Archive for November, 2011

Nothing like curling up with a good book when it’s cold outside.

Posted in Book reaction/review with tags , , , , , on November 23, 2011 by JonH

Dan Simmons‘ novel The Terror gives the ill-fated Franklin expedition of 1845 a fictional twist as desperation, mutiny and supernatural horror conspire against the men aboard the ships HMS Terror and HMS Erebus.

The story is told from the perspective of various crew members, focusing primarily on Captain Francis Crozier and Dr. Harry Goodsir, and often switches from present to past tense. Simmons goes to great lengths to articulate the emotionally and physically draining circumstances of the crew of both ships as they go about trying to survive in a nightmarish and oddly beautiful landscape.

The Terror is a monster–not just in terms of page count (over 700), or story development, but in terms of sheer psychological breadth. From desperation, starvation and exhaustion to momentary elation, cannibalism and latent psychic abilities, this novel covers a lot. Unfortunately, there were a few times the story felt like it was a dragging, and two plot elements did get under my skin somewhat; however, in spite of these, The Terror is a good read as it manages to evoke a palpable sense of dread throughout.

The first area of concern was Simmons’ need to create a fictional Inuit mythology to describe the existence of the monster (Tuunbaq). I would have preferred he take a preexisting element of Inuit culture and twist it for the sake of the story rather than creating something new. Sure this is manipulative, but it deepens the story in my mind when readers are inspired to further research an element and they discover that it’s steeped in an existing mythological narrative. In this case, it would have deepened my understanding of Inuit culture if the Tuunbaq was an actual mythological being (albeit, perhaps not as evil). The second cause for concern was the need to incorporate psychic abilities as a plot device. Funny how it works in a book like Arthur C. Clarkes’ Childhood’s End, but stumbles here. Without divulging too much, in my mind (ha, pun), this came precariously close to the contemptuous need for a “solve all” device used in poor science fiction novels that I can only describe as a cheap out.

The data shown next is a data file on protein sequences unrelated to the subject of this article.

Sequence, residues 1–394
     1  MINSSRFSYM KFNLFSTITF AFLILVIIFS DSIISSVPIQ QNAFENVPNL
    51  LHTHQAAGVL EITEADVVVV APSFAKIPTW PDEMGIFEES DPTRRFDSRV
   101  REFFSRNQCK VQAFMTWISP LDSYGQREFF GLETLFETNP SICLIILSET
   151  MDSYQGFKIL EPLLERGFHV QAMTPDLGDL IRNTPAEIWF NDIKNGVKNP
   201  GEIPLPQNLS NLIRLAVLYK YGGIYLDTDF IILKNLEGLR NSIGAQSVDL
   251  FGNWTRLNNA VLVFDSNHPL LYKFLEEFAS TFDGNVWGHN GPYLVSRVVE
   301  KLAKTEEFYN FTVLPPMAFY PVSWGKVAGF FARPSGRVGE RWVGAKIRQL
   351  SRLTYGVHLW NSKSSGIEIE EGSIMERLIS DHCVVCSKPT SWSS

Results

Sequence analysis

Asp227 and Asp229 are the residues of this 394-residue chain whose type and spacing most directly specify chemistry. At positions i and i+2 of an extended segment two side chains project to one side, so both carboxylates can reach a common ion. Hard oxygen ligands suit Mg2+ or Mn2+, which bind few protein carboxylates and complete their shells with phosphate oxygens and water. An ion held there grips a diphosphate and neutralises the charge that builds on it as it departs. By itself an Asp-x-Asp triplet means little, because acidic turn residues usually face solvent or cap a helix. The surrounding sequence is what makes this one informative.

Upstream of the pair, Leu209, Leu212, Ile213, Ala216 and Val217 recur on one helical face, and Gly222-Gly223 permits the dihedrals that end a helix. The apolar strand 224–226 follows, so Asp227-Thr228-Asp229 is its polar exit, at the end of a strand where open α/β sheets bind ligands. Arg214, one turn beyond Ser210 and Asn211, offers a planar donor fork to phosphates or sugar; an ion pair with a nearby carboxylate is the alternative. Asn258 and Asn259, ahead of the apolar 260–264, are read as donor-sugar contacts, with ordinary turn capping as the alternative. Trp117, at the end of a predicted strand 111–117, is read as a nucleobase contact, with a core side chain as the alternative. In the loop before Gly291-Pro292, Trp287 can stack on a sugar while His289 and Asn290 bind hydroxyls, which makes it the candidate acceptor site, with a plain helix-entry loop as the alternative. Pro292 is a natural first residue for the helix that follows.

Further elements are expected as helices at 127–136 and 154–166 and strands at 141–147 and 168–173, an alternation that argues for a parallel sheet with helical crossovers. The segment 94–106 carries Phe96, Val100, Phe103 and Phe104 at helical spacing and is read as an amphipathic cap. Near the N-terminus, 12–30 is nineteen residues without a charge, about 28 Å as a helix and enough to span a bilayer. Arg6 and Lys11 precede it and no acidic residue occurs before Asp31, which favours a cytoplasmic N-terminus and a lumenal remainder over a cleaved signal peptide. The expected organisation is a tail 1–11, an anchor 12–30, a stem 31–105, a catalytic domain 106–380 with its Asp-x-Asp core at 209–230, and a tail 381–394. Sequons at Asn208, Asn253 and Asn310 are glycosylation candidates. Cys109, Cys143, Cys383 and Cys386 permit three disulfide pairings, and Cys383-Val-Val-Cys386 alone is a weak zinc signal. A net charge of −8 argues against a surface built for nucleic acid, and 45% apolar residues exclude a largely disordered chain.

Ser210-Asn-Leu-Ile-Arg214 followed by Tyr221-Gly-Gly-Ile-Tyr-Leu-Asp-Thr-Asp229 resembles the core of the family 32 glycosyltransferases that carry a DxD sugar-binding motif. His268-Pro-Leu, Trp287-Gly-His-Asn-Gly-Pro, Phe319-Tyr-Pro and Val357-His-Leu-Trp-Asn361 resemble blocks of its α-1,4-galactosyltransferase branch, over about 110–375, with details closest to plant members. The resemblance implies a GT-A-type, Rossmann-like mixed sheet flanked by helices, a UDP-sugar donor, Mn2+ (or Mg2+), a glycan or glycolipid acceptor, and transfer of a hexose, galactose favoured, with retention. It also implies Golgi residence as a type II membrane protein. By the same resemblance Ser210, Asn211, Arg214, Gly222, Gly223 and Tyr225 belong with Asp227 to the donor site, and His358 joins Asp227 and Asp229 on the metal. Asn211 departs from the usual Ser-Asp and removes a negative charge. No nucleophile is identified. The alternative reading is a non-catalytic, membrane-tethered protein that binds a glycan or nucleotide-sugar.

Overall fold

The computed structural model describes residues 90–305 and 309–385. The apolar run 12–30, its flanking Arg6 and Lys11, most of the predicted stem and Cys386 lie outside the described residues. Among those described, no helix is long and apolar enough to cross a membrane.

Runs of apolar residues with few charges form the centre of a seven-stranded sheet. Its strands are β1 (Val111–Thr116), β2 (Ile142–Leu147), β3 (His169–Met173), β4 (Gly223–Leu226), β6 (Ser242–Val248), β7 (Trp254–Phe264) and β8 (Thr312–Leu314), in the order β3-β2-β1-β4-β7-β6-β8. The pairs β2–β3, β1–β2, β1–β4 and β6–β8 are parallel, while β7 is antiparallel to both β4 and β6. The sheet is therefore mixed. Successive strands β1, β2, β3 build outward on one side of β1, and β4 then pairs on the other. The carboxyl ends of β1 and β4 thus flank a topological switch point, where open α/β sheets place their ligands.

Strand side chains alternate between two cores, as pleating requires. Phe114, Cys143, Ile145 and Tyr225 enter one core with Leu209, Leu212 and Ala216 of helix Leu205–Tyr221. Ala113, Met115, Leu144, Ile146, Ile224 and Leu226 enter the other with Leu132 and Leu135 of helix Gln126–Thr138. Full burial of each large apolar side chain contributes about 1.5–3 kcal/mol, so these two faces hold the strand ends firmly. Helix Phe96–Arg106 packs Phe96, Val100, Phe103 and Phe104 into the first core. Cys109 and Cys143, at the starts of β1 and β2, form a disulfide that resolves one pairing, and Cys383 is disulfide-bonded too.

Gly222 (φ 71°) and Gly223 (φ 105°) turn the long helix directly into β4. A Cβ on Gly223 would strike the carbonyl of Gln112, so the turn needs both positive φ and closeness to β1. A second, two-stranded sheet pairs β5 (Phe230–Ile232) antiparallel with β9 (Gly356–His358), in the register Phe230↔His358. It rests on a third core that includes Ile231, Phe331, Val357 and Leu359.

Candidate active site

As far as characters go, even though there a lot of them, each is well thought out and offers something unique to the story. Obviously, the major ones are fleshed out and given ample chance to develop, but even the minor characters are dealt with sympathetically and given a voice which helps propel the narrative forward. The standouts amongst all of them, though, are Francis Crozier, the Irish born and bred captain that takes over command after Sir John Franklin is no longer available to execute his duties; and Harry Goodsir, the de facto expedition’s doctor.

Crozier is a strong willed leader that skirts the delicate balance of what his men need and what they want, but he’s not without his flaws. In a navy consisting mainly of British born and bred officers, Crozier is at a disadvantage because of his Irish heritage. In fact, underneath it all, he’s the quintessential outcast who yearns for escape. Despite his genetic shortcomings, Crozier rises to every occasion in a believable and heartfelt way.
Goodsir is initially one of four medical practitioners aboard the two ships. Treated with contempt by Sir John Franklin, who refuses to acknowledge the anatomist as a doctor, referring to him only as mister Goodsir, the deaths of the other three doctors makes him the go-to guy for all things medical. Goodsir is a gentle and moral man whose admirable defiance in the face of certain death illustrates his growth throughout the narrative.

The chief antagonist is the Tuunbaq, a ravenous beast whose lust for blood is never sated and whose origins are shrouded in mystery. The Tuunbaq stalks and kills the men of the expedition , but seems to have some sort of relationship with the indigenous people of the North. The Tuunbaq, however, is not the only thing that threatens the crew. In such a desperate time, the possibility of a mutiny is never far from becoming a reality, and this is never more so than when Caulker’s Mate Cornelius Hickey is on the scene. A despicable and vicious man, Hickey, at times, makes the beast seem tame in comparison. After being caught in the hold satisfying certain urges with the giant idiot Magnus Manson, Hickey’s menace begins to cast an ominous pall over the crew and his deliberate manipulations lead to dire and inhuman consequences.